Vapor Intrusion’s New Hot Topic – Short-term TCE Toxicity

During the past few years, the U.S. EPA and state agencies have worked to formulate vapor intrusion guidance in response to changes in U.S. EPA guidance on the toxicity of trichloroethylene (TCE). TCE is a compound used as a degreaser and that is a degradation product of tetrachloroethylene (drycleaner solvent). In this blog we provide background information and technical points to better inform a TCE vapor intrusion investigation that may better serve parties in this regulatory environment of uncertainty, considering that the government agencies have not yet all finalized their TCE guidance.

In September 2011, U.S. EPA finalized its TCE toxicological review, which includes toxicity values for noncarcinogenic and carcinogenic effects for TCE (follow this link:  http://www.epa.gov/iris/subst/0199.htm). The toxicity values for carcinogenic effects lowered the risk-based concentrations for long-term exposures to TCE in air.  Another revision to TCE toxicity guidance was the additional consideration of short-term (i.e., 24-hour) exposures to TCE. This is a noteworthy change in guidance because prior to the 2011 guidance, TCE exposures were evaluated over the longer term (e.g., > 20 years) and now regulated parties need to be concerned with evaluation of TCE over a short-term period of 24-hours if there is the potential for a woman of child bearing age to be exposed. One of the noncarcinogenic effects associated with exposure to TCE is cardiac malformations in a developing fetus. While there is significant scientific debate around that endpoint, several agencies have developed guidance specifically addressing potential short-term exposures to TCE.

Here are some examples of TCE supplemental guidance:

These guidance documents recommend that TCE non-cancer screening levels be applied on a short-term exposure basis (not on an annual average) due to the potential developmental effects. This has major implications for site investigations, data evaluation and decision making, which agencies are still trying to resolve on a case-by-case basis. This is a critical matter to regulated parties because indoor air data collection can be subject to wide ranging temporal variations (e.g., up to two orders of magnitude in variability) in measured concentrations at most buildings.

Our risk assessment team serves clients on resolving the complexities of potential TCE short-term exposures including developing site-specific solutions that can be implemented at a reasonable cost.  Here are some considerations for a site-specific approach TCE vapor intrusion investigation that we employ:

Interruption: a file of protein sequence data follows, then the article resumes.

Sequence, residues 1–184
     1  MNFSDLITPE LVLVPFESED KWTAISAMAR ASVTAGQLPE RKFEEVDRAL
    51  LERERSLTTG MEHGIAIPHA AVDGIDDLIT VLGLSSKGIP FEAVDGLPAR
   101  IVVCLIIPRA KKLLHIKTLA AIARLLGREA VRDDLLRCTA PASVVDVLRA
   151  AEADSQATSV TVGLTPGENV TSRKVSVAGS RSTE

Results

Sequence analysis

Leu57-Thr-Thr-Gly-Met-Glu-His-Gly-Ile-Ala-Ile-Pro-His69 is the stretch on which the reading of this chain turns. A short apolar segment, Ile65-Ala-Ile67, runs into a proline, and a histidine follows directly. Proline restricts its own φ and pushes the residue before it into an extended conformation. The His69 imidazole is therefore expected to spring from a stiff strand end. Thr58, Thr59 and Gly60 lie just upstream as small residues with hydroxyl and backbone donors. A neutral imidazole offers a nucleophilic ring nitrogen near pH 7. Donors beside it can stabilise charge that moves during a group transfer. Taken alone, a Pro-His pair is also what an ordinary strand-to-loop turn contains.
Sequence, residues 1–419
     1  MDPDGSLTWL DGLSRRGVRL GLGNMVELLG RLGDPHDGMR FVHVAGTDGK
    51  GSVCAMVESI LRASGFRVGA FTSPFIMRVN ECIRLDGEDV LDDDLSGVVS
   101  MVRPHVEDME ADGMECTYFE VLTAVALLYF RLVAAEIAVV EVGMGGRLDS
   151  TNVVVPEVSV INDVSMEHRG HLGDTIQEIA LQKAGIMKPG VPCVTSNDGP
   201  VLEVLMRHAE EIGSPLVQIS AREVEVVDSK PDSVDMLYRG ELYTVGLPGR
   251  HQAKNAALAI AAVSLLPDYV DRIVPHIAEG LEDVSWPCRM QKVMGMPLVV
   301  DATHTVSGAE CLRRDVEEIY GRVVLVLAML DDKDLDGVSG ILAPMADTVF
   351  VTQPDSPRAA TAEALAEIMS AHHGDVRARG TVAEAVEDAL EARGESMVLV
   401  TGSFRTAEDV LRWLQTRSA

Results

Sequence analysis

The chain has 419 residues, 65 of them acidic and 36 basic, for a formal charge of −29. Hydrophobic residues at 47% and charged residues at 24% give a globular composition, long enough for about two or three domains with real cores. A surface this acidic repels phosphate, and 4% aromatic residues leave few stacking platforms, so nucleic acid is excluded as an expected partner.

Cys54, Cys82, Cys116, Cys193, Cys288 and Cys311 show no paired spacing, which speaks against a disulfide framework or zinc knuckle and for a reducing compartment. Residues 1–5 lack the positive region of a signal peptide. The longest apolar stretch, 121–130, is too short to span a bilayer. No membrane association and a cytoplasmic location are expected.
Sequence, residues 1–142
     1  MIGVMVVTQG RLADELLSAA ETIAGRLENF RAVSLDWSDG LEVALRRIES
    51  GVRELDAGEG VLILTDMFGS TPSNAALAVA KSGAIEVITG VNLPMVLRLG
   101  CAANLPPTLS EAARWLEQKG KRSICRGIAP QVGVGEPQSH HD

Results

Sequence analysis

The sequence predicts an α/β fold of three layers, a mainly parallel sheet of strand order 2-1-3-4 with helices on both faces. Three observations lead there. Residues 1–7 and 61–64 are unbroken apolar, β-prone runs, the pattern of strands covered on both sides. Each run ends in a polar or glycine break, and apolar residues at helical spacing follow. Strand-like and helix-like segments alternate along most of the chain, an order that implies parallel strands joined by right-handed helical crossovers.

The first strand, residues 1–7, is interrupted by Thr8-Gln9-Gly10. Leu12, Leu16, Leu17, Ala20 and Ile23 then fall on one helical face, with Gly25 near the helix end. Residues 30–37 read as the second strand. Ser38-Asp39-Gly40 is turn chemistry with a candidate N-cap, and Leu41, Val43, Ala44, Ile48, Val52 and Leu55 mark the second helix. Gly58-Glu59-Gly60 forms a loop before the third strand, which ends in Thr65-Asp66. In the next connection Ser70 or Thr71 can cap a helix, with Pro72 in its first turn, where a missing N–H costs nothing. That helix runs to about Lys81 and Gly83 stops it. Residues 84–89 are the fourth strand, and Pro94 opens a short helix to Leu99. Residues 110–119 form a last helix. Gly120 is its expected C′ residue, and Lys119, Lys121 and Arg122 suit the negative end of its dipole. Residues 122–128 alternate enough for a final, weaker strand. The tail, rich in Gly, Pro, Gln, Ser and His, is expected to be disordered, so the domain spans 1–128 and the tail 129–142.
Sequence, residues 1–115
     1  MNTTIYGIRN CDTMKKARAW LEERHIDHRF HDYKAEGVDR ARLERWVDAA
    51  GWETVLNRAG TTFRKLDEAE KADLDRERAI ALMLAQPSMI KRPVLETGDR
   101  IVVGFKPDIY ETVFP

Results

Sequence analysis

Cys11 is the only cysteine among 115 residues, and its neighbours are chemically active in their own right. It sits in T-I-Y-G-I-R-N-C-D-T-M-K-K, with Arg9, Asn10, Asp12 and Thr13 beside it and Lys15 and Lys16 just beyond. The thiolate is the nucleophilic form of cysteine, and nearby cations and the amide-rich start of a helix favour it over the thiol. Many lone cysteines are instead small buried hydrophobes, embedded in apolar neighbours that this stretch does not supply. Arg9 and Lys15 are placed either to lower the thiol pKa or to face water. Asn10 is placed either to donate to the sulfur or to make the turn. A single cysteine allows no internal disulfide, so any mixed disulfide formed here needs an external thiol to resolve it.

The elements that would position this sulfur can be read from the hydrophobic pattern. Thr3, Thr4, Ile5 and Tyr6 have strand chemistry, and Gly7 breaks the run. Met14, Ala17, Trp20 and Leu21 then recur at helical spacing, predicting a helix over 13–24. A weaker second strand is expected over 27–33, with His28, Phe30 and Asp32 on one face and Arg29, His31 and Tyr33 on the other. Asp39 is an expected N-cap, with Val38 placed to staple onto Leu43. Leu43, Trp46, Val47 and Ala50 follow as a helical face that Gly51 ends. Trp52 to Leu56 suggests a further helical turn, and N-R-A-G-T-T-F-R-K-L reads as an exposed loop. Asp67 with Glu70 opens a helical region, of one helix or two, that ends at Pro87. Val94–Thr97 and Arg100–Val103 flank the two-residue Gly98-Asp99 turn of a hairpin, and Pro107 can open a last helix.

• Collect indoor air samples using passive diffusion samplers to quantify indoor air concentrations over longer periods of exposure (several days or weeks). An additional consideration is that guidance about passive indoor air sampling from various state and federal agencies is limited.
  • Collect indoor air samples using a continuous monitoring device.
  • Immediate response actions if indoor air TCE concentrations are measured above short-term action levels. Example ways to reduce exposure include increasing building pressurization and/or ventilation, sealing potential conduits where vapors may be entering the building, treating indoor air (carbon filtration, air purifiers), installing and operating engineered exposure controls (sub-slab/crawlspace, depressurization systems), and temporarily relocating occupants.
  • Installing mitigation systems to induce subslab depressurization.
  • Treat indoor air using new filtration systems.
  • Indoor air sampling under “worst case conditions”. This may include sampling during period of colder outdoor temperatures (winter months), and sampling when the building’s HVAC system is turned off.

Kennedy/Jenks has conducted numerous vapor intrusion investigations and has assisted our clients in developing solutions to address the potential for short-term exposures to TCE. Please contact us if you would like more information.

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